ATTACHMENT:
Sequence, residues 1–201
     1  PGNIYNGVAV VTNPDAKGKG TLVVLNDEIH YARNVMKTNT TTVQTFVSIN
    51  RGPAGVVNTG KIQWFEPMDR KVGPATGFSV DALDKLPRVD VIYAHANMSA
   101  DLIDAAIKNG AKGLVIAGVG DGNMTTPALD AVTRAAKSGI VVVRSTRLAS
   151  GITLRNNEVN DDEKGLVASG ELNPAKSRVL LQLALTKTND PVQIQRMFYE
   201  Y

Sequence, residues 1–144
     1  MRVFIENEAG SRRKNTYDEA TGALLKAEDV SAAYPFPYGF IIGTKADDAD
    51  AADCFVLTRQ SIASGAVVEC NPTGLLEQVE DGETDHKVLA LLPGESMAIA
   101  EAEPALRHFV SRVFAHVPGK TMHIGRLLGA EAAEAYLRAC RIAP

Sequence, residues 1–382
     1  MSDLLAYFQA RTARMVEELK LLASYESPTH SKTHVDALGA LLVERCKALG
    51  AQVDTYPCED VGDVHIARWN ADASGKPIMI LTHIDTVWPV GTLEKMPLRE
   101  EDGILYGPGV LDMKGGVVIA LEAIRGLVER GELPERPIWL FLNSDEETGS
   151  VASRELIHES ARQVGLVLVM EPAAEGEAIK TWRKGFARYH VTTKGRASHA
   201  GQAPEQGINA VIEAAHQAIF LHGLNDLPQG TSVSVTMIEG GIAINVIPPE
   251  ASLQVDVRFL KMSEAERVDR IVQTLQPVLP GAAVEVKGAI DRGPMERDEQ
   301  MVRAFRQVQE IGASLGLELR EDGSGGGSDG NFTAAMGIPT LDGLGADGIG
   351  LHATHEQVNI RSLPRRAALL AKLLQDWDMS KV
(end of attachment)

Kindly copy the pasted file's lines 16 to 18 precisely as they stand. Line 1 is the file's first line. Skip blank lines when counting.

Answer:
   201  GQAPEQGINA VIEAAHQAIF LHGLNDLPQG TSVSVTMIEG GIAINVIPPE
   251  ASLQVDVRFL KMSEAERVDR IVQTLQPVLP GAAVEVKGAI DRGPMERDEQ
   301  MVRAFRQVQE IGASLGLELR EDGSGGGSDG NFTAAMGIPT LDGLGADGIG